In her new novel, The Lace Makers of Glenmara, Heather Barbieri tells a story that many women tend to enjoy. It is the perseverance story—about a young, educated woman from middle class circumstances who overcomes heartbreak, betrayal and professional setback before finally achieving love (better than before) and the American dream (better than anything she could have imagined). This achievement comes with the help of a group of crafty women who have suffered betrayals and losses in their own rights. It's the tea-and-sympathy genre (think How to Make an American Quilt, Chocolat, The Friday Night Knitting Club, Calendar Girls, etc., etc.), heartwarming stories of women coming together to help other women—often by making use of their own industrious handiwork.
Barbieri's heroine, Kate Robinson, is a 26-year-old aspiring fashion designer who has just lost her boyfriend, Ethan, of five years. In a flashback, we're told how Ethan dumped Kate, leaving her for one of Kate's models, "a girl with black hair and pale skin and aquamarine eyes and a sizable trust fund." (The model also speaks five languages, plays the violin and fences at the championship level.) Adding insult to injury, Kate's debut line is not selling and her agent gives her the cold shoulder, flippantly telling her she needs to try something "high concept." A gal knows when it's time to high tail it out of Manhattan, so Kate takes off for Ireland, land of her ancestors, for an indefinite period. By doing so, she is fulfilling a promise to her mother, who succumbed to cancer before the time of the novel, leaving Kate at a loss for maternal comfort, just when she sorely needs it.
After almost a month in Ireland, Kate finds herself, quite by accident, in the tiny hamlet of Glenmara, a town known—if it's known at all—for its fishermen, its fire-and-brimstone parish priest and its lace. She's quickly adopted by Bernie, a widow still in mourning for her late husband, who convinces Kate to stay with her and join the lace-making group that regularly meets at her house. Each of the women in the group comes with her own personal tribulations: Aileen is estranged from her daugher; Moira is in denial about her abusive husband; Oona is in remission from breast cancer; Colleen is worried about her missing husband. Over tea and lace, the women share their worries with one another—and their skills with Kate. In their comforting presence, Kate extends her stay and eventually resurrects her love life (with a brooding artist named Sullivan Deane), as well as her flagging career by designing a line of exquisite lingerie with her new skills. Though the local priest objects to the outsider's influence on the lace-making ladies of Glenmara, the women themselves celebrate the opportunity to make something other than tea towels and doilies.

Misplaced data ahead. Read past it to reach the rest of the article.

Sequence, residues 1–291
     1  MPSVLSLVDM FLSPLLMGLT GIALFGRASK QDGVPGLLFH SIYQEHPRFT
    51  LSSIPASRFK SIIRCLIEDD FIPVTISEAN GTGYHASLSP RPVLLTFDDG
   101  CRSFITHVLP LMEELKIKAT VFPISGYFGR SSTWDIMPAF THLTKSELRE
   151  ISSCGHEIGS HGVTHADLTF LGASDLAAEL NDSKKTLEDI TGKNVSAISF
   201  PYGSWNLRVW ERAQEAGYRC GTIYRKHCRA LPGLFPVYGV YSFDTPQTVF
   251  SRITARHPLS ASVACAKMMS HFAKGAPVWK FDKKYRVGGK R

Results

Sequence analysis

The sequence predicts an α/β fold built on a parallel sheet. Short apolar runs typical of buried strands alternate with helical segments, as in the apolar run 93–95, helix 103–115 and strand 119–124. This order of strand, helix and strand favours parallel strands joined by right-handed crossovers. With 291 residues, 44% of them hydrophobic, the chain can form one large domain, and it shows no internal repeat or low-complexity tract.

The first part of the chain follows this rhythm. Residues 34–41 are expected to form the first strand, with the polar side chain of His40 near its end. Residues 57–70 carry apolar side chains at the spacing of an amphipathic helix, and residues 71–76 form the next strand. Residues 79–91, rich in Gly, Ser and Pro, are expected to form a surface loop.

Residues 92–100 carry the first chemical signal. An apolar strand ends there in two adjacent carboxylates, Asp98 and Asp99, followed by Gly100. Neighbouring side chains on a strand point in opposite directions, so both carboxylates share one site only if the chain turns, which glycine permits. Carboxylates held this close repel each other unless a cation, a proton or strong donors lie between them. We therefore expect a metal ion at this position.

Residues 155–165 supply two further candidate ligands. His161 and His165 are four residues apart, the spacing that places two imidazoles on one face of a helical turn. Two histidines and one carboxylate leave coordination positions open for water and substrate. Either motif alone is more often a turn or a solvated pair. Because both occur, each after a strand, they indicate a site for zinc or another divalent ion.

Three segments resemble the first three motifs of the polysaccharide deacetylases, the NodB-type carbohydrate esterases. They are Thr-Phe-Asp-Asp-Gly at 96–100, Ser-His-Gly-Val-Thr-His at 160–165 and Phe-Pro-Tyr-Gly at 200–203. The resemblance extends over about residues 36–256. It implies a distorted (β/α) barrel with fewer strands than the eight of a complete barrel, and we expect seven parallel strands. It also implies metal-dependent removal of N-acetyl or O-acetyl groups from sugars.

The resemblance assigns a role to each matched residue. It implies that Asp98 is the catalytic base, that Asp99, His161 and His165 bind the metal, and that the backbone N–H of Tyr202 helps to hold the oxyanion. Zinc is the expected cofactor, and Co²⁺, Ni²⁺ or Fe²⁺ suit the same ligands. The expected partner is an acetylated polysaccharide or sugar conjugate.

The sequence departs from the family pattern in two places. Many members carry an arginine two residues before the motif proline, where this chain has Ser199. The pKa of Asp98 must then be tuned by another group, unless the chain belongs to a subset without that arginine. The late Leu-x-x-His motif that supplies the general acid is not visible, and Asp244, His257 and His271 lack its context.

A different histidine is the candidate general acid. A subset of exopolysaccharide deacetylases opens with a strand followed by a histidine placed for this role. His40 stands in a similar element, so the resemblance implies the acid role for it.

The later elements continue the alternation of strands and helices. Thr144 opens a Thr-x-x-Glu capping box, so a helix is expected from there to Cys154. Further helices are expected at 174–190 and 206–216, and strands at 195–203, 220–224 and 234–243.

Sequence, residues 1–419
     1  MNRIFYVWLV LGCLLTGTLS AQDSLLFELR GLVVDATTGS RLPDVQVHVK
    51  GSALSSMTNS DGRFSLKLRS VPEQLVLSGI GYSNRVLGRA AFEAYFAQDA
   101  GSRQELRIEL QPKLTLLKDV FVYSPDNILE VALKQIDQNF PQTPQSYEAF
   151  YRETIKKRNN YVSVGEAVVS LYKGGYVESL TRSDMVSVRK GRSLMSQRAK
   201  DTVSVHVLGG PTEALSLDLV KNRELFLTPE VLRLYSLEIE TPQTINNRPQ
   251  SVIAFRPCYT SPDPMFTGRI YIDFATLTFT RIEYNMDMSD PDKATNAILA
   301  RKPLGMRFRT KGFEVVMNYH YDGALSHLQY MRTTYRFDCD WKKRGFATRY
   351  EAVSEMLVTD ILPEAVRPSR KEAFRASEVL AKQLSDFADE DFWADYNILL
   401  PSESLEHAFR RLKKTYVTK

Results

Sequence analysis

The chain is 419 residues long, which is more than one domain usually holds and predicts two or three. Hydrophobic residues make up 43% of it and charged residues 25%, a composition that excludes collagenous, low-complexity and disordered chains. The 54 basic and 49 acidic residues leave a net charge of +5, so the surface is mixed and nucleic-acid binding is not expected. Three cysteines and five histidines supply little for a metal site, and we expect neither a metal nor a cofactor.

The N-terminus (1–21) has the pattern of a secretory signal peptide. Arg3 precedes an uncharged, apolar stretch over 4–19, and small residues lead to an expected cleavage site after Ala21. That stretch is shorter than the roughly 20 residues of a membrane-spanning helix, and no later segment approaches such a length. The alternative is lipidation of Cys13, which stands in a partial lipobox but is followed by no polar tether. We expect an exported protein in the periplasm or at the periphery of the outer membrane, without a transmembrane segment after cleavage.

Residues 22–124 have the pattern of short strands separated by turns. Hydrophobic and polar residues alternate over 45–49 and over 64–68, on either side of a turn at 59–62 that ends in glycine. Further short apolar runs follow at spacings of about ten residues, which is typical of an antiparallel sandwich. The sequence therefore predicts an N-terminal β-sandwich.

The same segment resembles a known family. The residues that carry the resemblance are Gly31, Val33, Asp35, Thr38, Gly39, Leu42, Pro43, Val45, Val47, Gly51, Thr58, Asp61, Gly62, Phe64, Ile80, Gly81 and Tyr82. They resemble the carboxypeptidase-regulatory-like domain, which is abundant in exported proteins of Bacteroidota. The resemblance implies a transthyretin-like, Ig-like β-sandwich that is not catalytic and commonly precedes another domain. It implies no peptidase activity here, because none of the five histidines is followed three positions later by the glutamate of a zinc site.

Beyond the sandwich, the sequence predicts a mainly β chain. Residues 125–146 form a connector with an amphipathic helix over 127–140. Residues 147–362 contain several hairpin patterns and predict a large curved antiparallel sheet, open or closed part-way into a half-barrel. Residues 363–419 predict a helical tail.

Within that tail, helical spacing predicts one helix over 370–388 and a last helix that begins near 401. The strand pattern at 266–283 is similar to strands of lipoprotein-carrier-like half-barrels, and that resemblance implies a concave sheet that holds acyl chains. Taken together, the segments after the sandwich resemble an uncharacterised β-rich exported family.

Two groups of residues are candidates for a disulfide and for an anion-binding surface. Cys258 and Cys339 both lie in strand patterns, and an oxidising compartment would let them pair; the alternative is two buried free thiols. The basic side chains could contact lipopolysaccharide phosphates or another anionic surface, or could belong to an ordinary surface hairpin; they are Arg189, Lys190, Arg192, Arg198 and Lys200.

The problem with The Lace Makers of Glenmara is not that it's inspired by other novels with similar heroines and similar narrative arcs; the trouble is that Barbieri leans so heavily on the blueprint of the tea-and-sympathy novel that her own work fails to tell any story in its own right. As a result, each plot point is as predictably cloying as the next. Kate and Bernie form a mother-daughter bond immediately. Kate picks up the intricate skill of lacemaking (more or less) immediately. It takes Kate less than a few hundred words to fall in love with her brooding artist (later, they'll resolve their single conflict—over his dead fiancée—in just as few words). The priest who objects to Kate's presence is transferred out of town not long after his parishioners turn against his reactionary views. For a novel that seemingly wants to take us through a journey of perseverance, its narrative arc moves as swimmingly as the fish in the bay off Glenmara's coast.
In moments where there's a glimmer of originality—a rocky bay that's haunted by the ghosts of those who died in the famine, a plot point that revisits the 2005 terrorist attack in the London Underground—Barbieri shuffles along hastily without allowing any potential nuance to develop, giving the impression that she's more concerned with hitting her plot points than she is with actual storytelling.
In one moment, near the novel's halfway point, Kate reflects on her failed clothing line. She'd been "too busy reworking the concept, trying to get it right, until she gave up and hung the garments on the racks...in the end the pieces were only a poor imitation of the latest runway darling...What had she been thinking? Why hadn't she been true to her vision...?"
In light of Barbieri's own imitative tendency, the moment is sadly ironic. Snow in July (Soho Press 2005), Barbieri's debut novel about two sisters from Butte, exhibited a freshness that's nonexistent in this second work, leaving one to wonder if Barbieri herself became too busy "reworking a concept." Though The Lace Makers of Glenmara might remind us of other novels we've loved, it's a poor imitation best left on the shelf.
Heather Barbieri presents The Lace Makers of Glenmara at a luncheon at the Holiday Inn Downtown at the Park Saturday, Oct. 3, at 11:30 AM. $16 advance. Call Fact & Fiction 721-2881.